The next year, I took a course in the history of science. Our teacher, a PhD in botany and ordained minister, one day asked: "What would it have been like to be Moses?" The Lord says, "Hey Moses, here's how it all began. Now write it down.' " Moses perks up. He's ready. "First, I took millions of tiny atoms, then smashed them together at a tremendous velocity, which produced an enormous explosion, resulting in the release of gigatons of energy. Did you get that Moses?" God looked down at what Moses had written:

"And God said, 'Let there be light.' "

The Lord shook his head at first, thinking Moses had gotten it all wrong. Then, a smile came across God's face. "How did I do?" Moses asked. "Fine," the Lord said. "You're doing just fine. Shall we continue?"

Charles Darwin, though an agnostic later in life following the untimely death of his daughter, never saw a contradiction between scientific pursuits and religious beliefs. Theologian Orton Wiley agrees that the relationship between science and faith needn't be contentious. He calls Genesis a "hymn to the Creation." Darwin and Wiley knew what we sometimes forget: The Bible isn't a science text book, never was, never will be. So why are some intent on setting up a false choice, putting our children in an impossible situation, like having to choose between mom and dad? Divorce between parents messes kids up, and making them decide between religion or science is a false choice that we can live without.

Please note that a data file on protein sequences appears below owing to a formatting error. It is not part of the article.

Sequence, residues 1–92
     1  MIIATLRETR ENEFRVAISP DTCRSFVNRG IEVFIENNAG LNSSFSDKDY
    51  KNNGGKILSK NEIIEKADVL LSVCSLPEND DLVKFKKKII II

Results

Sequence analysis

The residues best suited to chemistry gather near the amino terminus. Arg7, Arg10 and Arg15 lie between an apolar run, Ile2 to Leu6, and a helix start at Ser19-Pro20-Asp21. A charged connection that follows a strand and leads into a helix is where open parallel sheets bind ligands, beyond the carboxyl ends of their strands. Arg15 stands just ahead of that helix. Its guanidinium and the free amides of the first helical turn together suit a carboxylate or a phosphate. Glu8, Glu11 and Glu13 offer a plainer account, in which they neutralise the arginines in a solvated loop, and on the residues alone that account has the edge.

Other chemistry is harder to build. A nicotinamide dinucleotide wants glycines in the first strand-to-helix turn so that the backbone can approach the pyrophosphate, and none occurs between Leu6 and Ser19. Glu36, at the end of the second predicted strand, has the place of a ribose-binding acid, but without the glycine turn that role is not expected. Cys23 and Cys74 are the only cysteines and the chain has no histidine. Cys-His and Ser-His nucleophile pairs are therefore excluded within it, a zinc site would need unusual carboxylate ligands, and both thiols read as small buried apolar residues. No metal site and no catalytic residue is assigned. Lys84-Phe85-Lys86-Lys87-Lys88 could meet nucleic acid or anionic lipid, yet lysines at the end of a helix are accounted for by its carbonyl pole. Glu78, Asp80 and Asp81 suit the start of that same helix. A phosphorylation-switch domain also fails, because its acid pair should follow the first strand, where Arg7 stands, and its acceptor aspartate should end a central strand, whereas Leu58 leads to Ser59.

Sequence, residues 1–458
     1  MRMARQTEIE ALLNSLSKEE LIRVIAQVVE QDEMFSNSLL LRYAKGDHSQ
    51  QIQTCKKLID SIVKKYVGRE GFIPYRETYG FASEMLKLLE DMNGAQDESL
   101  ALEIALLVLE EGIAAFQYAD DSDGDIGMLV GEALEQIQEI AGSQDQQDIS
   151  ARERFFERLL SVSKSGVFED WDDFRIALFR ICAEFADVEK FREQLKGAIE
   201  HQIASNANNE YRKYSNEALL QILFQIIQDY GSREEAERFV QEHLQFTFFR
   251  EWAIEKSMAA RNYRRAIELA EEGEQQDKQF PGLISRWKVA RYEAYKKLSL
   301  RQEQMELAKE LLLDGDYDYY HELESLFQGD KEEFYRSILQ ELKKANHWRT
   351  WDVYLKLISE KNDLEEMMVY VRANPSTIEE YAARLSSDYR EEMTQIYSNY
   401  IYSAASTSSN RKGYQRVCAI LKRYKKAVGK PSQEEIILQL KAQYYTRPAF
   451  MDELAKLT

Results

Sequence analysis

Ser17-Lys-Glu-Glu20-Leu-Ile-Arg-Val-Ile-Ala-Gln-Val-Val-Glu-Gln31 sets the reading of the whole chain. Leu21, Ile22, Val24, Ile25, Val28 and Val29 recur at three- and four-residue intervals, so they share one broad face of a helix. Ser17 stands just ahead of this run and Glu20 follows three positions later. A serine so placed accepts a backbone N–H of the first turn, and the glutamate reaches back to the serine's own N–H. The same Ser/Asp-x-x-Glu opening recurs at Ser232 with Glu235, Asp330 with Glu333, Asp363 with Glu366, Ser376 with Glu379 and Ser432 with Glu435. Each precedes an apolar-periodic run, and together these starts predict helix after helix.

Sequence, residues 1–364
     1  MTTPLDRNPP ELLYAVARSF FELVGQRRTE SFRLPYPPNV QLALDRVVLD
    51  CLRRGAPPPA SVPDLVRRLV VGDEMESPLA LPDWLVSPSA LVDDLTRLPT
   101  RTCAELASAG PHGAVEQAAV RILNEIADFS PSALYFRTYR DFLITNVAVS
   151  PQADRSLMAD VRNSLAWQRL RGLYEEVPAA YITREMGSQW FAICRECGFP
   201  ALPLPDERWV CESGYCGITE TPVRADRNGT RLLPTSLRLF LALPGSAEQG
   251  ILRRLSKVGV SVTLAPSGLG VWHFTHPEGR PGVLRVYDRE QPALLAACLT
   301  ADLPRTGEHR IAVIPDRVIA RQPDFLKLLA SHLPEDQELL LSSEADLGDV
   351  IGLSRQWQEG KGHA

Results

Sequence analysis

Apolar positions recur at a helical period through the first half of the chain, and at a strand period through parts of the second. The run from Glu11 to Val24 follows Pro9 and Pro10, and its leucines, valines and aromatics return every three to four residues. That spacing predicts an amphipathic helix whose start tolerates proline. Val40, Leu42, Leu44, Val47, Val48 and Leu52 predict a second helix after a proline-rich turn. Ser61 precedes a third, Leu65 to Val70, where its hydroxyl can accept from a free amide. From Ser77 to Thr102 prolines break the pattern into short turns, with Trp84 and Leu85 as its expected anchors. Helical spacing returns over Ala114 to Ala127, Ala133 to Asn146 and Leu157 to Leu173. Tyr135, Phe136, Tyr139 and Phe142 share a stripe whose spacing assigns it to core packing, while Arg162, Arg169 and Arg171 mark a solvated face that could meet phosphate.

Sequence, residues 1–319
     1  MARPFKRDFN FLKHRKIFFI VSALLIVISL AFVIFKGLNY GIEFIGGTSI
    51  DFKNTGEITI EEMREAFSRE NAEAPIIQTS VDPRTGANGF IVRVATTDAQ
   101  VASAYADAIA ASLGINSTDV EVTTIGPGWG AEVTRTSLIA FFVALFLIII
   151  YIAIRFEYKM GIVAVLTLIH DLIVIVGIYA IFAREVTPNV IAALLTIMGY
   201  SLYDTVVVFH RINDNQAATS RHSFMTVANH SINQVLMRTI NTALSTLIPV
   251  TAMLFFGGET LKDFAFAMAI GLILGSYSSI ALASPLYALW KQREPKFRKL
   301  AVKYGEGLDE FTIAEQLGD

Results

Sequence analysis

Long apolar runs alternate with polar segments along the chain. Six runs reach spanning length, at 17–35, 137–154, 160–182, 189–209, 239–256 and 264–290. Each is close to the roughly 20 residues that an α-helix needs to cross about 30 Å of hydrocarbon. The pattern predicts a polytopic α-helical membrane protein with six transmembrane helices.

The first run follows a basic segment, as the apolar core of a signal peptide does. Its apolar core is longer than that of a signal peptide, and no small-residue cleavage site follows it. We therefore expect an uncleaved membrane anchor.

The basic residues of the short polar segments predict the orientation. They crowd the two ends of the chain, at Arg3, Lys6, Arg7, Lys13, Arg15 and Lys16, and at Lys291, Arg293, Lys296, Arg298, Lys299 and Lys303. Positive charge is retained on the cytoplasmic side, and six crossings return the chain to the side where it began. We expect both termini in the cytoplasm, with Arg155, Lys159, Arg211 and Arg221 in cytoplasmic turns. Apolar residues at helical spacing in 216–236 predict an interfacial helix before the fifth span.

So this summer, when you see the Grand Canyon, play the artist, and play the cowboy. But for heaven's sake, don't let that minister and scientist start arguing. They're both right.


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Photo courtesy of Flickr.

2 Comments:

At 9:39 PM, Blogger jon said...

After we paid for our kids summer camp program we found it tough to recover! I totally agree with you!